When it comes to feline behaviors and mannerisms, it can often be difficult to tell whether something is a cause for concern or just normal.
One movement you might notice your cat making is twitching their nose.
While this can have totally benign causes and could be a totally normal reflex caused by external factors, if your cat’s nose is twitching constantly or you notice other symptoms, it could be something more serious.
If you’re trying to work out why your cat’s nose is twitching, you’ve come to the right place.
We’re going to be going over all of the most common causes, from mild allergies to more concerning conditions you should be aware of.
Common Causes of Nose Twitching in Cats
To start with, we should clarify that your cat’s nose twitching doesn’t necessarily mean there’s anything wrong.
The occasional nose twitch could just be a fleeting itch or minor irritation.
Just as our noses will occasionally get itchy, the same is true of your cat’s nose, and it’s usually not something you need to worry about.
Here are some less concerning causes of nose twitching in cats:
More Serious Reasons Your Cat’s Nose Might be Twitching
While a twitchy cat nose isn’t usually something to panic about, especially if the twitching is infrequent, it’s important to bear in mind that there are some more serious causes.
If your cat’s nose is twitching a lot for an extended period of time or if the twitching is accompanied by other new symptoms, you should see a vet as soon as possible because it could be one of the following conditions:
Hypocalcemia is a calcium deficiency that can be the result of lactation in female cats.
However, it can also occur in male cats as a result of vitamin D deficiency, chronic kidney disease, hypoparathyroidism, or pancreatitis.
The main symptom of hypocalcemia is neuromuscular irritability, which might manifest as facial twitching (including the nose and whiskers) along with random muscle contractions and a nervous disposition. Other symptoms include lethargy, heavy breathing, weight loss, stiffness, or even seizures.
Since hypocalcemia is usually a symptom of another problem rather than the sole cause of twitching, you should take your cat to the vet if they are exhibiting these symptoms.
More commonly known as rolling skin disease, hyperesthesia is most often diagnosed in Siamese cats, but all breeds can potentially suffer from this condition.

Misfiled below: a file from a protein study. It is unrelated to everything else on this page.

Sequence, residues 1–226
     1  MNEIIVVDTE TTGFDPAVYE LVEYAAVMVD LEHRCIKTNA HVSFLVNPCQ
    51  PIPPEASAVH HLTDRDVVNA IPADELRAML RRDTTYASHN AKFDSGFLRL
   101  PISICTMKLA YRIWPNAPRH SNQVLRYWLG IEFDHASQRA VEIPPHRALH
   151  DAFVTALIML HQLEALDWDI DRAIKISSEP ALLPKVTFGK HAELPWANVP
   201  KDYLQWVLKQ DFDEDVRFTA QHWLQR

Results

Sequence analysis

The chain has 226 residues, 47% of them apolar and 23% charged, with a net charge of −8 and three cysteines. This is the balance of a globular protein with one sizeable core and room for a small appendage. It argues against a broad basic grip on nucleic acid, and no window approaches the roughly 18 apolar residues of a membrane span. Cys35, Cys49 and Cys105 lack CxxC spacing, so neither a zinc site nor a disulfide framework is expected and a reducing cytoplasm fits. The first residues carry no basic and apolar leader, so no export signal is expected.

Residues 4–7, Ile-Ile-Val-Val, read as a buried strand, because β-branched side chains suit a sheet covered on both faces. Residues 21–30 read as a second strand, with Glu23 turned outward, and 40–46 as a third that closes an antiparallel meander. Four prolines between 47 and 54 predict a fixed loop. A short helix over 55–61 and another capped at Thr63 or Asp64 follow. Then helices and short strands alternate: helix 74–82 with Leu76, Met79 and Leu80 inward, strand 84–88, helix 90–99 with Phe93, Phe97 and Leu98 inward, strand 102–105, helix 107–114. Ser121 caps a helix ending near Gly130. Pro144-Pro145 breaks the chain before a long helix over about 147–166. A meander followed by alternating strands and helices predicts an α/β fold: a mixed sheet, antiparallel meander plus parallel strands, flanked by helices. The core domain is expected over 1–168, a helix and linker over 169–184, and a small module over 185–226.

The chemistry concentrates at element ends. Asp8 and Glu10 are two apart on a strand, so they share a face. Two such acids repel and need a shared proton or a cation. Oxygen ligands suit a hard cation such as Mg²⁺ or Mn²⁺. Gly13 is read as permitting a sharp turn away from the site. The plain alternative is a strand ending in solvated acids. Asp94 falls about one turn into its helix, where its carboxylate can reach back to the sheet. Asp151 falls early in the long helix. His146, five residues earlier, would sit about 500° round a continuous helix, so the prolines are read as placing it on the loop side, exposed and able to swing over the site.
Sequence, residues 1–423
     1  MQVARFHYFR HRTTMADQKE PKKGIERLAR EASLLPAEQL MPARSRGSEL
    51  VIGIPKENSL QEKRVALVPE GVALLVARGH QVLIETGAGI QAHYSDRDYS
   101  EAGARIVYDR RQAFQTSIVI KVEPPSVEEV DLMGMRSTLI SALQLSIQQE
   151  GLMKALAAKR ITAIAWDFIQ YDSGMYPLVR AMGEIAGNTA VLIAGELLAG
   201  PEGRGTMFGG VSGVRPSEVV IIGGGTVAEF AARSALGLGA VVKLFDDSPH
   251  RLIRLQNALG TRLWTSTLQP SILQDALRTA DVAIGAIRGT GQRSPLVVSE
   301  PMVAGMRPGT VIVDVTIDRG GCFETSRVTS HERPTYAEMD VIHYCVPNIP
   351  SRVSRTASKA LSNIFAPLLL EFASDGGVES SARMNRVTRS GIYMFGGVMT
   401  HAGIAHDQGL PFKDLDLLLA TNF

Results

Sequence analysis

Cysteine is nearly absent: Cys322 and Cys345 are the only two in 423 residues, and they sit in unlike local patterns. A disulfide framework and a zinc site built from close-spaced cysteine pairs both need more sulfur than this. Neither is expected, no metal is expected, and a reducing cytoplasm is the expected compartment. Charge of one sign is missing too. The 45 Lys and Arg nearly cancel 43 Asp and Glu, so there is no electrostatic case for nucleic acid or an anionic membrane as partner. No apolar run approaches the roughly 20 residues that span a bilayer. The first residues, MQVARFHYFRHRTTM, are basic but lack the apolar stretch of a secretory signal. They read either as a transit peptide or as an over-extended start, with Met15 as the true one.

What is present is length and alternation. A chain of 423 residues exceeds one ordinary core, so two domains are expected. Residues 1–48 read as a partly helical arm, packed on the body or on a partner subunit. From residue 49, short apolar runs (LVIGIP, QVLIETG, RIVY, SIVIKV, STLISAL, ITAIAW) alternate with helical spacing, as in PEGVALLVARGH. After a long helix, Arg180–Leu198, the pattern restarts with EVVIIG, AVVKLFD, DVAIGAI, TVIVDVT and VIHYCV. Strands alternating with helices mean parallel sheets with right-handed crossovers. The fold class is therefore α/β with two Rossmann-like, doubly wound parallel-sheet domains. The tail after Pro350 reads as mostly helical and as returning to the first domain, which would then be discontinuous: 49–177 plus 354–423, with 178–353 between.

If your cat’s nose twitching is accompanied by skin rippling on their back and erratic behavior (such as suddenly biting their tail, anxiety, or aggression), hyperesthesia might be the culprit.
Other symptoms include seizures, increased vocalization, and touch-sensitivity.
You should see your vet if you suspect feline hyperesthesia.
If your cat is having seizures, they will need anticonvulsant medication. Even if seizures are not a concern, hyperesthesia can lead to self-mutilation and the other symptoms are indicative of anxiety and stress.
Your vet will be able to guide you through making changes to your cat’s routine or environment to reduce their stress levels and hopefully ease the symptoms.
Facial twitching, which includes twitching of the nose, can be an indication of toxicity or poisoning in cats, especially if it’s accompanied by symptoms such as lethargy, drooling, trembling, convulsions, or loss of coordination.
If you think that your cat has ingested a harmful substance, contact your vet’s emergency line immediately.
If you have recently applied flea treatment and your cat is drooling along with nose twitching, it’s possible that your cat has got the product on its nose and in its mouth, which could be causing irritation.
If there are no other symptoms, calling the emergency line at this point might not be necessary, but you should still inform your vet immediately and follow their advice, which may be to monitor your cat and call again if other symptoms present themselves.
There are many potential causes of feline nose and facial twitching. Some of them are benign whereas others can be more serious and even life-threatening.
Any consistent twitching of any part of your cat’s body, including the nose, is worth a trip to the vet. This is particularly true if other symptoms are present as well.
It may be nothing to worry about, but it’s always worth taking the time to rule out serious conditions and ensure the wellbeing of your furry friend.
At Love4Cats, our practice involves consistent collaboration with licensed veterinarians and reputable industry experts. However, it's important to note that the content provided on Excited Cats is not intended as veterinary advice. While we strive to enhance your understanding of feline care, the information presented on this blog should not replace professional veterinary guidance.